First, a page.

Tuesday 6 July 2010 2.42pm
This is probably something for your discussion:

http://news.bbc.co.uk/1/hi/england/london/10512133.stm
Tuesday 6 July 2010 3.50pm
I'm not taking any sides here, all dogs can be a potential danger. There's a lady who lives around the corner from me who owns a Jack Russell. If I'm walking my dog and I see her and her 'vicious little rat' as I refer to it, I turn and walk the other way. The first time I came acrross them was about a year ago. We were walking towards each other when 'ratty' began straining at the leash like a mad thing, spitting and snarling at my timid hound. I swiftly crossed the road and as me and 'Max' walked off in to the distance I could still hear the thing yelping and snarling. A few months later I was in the local supermarket and this same lady walked in, having left 'ratty' tied up outside. A few moments later there was a hell of a comotion. An Asian couple had been walking past with their two daughters, who were wearing summer dresses, and the Jack Russell had attacked one of them and tore her dress. The father managed to pull the hem of the dress away from the dog while the rest of his family stood shrieking in terror. I love animals, but if it had been my daughter I'm afraid my knee-jerk reaction would have been to kick the b****y thing in to touch before it drew blood. The family, for whatever reason, decided against storming in to the shop and demanding to know who the owner was, which makes them better people than me. They just walked off with their arms around the poor, distraught girl. Had they decided to take it further I would have been more than happy to be a witness.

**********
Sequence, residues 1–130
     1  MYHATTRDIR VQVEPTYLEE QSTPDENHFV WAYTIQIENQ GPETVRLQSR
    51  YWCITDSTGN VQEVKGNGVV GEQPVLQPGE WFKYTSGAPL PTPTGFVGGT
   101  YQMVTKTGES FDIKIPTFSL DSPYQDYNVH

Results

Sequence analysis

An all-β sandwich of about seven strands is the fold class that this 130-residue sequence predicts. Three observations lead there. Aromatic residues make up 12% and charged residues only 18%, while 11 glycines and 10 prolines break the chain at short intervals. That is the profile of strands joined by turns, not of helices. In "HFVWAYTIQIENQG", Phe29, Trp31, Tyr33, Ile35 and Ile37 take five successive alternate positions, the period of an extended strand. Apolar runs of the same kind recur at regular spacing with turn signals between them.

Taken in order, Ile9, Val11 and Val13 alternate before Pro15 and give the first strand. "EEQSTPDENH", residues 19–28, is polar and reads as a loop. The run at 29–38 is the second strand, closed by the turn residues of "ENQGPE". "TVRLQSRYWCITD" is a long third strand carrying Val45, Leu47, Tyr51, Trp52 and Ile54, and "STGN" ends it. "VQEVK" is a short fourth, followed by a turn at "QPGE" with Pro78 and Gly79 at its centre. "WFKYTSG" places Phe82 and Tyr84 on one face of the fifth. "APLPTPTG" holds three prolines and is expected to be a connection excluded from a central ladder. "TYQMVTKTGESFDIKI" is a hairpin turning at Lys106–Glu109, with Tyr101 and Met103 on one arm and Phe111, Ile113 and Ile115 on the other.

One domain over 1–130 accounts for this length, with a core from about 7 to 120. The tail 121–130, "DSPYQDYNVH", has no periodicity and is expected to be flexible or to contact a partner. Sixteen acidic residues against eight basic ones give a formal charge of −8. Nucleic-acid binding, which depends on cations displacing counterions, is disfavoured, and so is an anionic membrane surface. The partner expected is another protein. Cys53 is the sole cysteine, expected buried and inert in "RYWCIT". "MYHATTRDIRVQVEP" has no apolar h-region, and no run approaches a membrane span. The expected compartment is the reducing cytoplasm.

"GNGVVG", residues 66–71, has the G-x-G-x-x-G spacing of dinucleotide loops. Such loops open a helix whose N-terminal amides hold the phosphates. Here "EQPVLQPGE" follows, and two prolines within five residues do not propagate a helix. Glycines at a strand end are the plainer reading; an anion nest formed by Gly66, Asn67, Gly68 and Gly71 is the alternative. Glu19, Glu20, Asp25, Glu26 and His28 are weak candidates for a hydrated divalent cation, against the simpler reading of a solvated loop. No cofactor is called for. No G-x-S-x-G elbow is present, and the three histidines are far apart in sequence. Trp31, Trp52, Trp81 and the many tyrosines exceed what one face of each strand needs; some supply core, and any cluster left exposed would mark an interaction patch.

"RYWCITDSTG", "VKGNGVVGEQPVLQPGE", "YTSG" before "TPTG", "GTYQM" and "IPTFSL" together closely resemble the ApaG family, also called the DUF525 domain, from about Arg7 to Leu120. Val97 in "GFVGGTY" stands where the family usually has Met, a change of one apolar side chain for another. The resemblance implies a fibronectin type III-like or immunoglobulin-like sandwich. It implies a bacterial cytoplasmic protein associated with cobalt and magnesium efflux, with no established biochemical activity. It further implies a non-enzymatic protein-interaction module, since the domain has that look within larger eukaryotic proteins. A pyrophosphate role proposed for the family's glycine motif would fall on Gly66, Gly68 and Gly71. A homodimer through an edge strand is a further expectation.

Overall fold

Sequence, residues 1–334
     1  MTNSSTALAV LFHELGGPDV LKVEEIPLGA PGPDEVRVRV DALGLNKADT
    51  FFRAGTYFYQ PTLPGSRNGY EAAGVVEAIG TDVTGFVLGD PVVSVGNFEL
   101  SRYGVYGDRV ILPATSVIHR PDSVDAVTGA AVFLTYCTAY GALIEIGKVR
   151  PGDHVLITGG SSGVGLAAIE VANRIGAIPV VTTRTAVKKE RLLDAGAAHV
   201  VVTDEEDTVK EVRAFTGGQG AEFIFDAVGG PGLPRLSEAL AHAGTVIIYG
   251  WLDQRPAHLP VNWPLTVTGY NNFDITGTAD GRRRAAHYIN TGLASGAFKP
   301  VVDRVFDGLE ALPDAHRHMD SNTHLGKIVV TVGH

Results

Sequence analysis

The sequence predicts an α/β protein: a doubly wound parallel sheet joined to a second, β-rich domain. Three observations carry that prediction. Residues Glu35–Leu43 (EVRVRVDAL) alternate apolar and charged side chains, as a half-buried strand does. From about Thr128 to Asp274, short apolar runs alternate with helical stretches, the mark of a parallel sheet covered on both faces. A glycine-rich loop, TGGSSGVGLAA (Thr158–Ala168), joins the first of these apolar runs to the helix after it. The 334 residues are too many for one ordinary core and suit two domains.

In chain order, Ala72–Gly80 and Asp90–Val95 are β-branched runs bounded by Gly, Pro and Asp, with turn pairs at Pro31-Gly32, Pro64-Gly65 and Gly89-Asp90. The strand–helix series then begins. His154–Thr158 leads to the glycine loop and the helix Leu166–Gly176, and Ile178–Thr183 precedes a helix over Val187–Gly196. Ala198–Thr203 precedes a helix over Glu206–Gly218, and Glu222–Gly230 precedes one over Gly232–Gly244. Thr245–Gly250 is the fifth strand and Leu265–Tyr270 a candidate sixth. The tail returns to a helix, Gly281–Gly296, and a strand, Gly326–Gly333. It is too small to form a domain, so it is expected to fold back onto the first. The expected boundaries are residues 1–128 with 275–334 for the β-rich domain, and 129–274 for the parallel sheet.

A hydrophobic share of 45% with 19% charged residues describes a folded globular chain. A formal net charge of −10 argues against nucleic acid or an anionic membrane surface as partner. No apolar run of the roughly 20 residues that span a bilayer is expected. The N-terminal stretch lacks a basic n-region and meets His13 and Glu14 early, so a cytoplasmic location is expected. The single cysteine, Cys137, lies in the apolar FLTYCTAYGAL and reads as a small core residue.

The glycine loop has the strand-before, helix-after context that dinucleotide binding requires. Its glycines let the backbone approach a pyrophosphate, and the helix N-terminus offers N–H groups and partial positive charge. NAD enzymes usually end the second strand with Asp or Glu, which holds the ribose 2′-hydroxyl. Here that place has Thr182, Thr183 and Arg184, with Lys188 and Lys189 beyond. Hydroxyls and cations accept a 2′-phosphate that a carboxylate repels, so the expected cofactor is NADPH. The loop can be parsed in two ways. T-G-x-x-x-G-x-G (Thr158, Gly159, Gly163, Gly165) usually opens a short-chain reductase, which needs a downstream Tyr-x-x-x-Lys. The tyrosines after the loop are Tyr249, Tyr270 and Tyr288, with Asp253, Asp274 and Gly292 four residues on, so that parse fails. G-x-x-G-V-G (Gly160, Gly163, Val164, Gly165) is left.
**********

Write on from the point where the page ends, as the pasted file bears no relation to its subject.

Finally, why is it that so many 'bull' breed owners have become a cliche? The only one's I see with such breeds are shaven headed, multi-pearced and heavilly tatooed. Are they making a statement? 'I'm a hard geezer, so I'm gonna have a hard dog.'
To their credit, I have never yet seen one of their dogs behave badly, but it doeas create a stereotype that makes one look upon them with a jaundiced eye.
Saturday 17 July 2010 9.21pm
Dear Mr beetroot

The last thing anyone would do is give their personal information over to strangers. Where I obtained my training license is no concern of yours or anyone elses. Anyone who seems obsessed as you are clearly has, bad intensions.
Let me remind you that the discussion is about dangerous dogs and a poor woman whos dog was attacked by an illegal pit bull.

No person or pet is safe with these dangerous breeds around.
Sunday 18 July 2010 8.31am
So, Ms Reeve, what IS an NRQ? In the same way an NVQ is called a National Vocational Qualification, NRQ must similarly mean something? That isn't personal data, surely?

If you were professionally involved with dogs as you assert, you wouldn't be making such unqualified comment. Vicious dogs are usually reared that way by an owner who shouldn't be allowed to have animals in the first place.
Sunday 18 July 2010 1.42pm
Ms Reeve wrote:
IHonesty, facts and educated knowledge always infuriates nosey, people who are in denile.
A river in Egypt?
Sunday 18 July 2010 4.48pm
Wow - these threads with entrenched arguments are boring.

(sorry for cross posting on another dog related boring dog entrenched related dog boring argument dog story)